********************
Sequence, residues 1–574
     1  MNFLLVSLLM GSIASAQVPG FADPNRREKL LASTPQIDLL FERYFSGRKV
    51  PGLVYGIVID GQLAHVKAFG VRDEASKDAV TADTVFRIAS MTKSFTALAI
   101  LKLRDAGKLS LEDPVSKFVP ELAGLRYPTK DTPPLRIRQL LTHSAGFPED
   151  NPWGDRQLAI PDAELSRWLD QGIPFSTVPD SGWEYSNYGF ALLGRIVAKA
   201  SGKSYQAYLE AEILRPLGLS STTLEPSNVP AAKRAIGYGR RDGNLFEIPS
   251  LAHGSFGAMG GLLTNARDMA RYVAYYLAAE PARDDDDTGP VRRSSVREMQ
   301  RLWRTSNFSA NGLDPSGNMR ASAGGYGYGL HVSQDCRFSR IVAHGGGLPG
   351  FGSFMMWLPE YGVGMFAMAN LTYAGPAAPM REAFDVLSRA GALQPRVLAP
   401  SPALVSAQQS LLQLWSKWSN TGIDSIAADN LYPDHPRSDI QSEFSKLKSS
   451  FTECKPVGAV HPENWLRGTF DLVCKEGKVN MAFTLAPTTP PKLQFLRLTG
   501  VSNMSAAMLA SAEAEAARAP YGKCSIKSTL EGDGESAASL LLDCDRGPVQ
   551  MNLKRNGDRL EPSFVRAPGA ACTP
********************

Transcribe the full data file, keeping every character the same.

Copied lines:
Sequence, residues 1–574
     1  MNFLLVSLLM GSIASAQVPG FADPNRREKL LASTPQIDLL FERYFSGRKV
    51  PGLVYGIVID GQLAHVKAFG VRDEASKDAV TADTVFRIAS MTKSFTALAI
   101  LKLRDAGKLS LEDPVSKFVP ELAGLRYPTK DTPPLRIRQL LTHSAGFPED
   151  NPWGDRQLAI PDAELSRWLD QGIPFSTVPD SGWEYSNYGF ALLGRIVAKA
   201  SGKSYQAYLE AEILRPLGLS STTLEPSNVP AAKRAIGYGR RDGNLFEIPS
   251  LAHGSFGAMG GLLTNARDMA RYVAYYLAAE PARDDDDTGP VRRSSVREMQ
   301  RLWRTSNFSA NGLDPSGNMR ASAGGYGYGL HVSQDCRFSR IVAHGGGLPG
   351  FGSFMMWLPE YGVGMFAMAN LTYAGPAAPM REAFDVLSRA GALQPRVLAP
   401  SPALVSAQQS LLQLWSKWSN TGIDSIAADN LYPDHPRSDI QSEFSKLKSS
   451  FTECKPVGAV HPENWLRGTF DLVCKEGKVN MAFTLAPTTP PKLQFLRLTG
   501  VSNMSAAMLA SAEAEAARAP YGKCSIKSTL EGDGESAASL LLDCDRGPVQ
   551  MNLKRNGDRL EPSFVRAPGA ACTP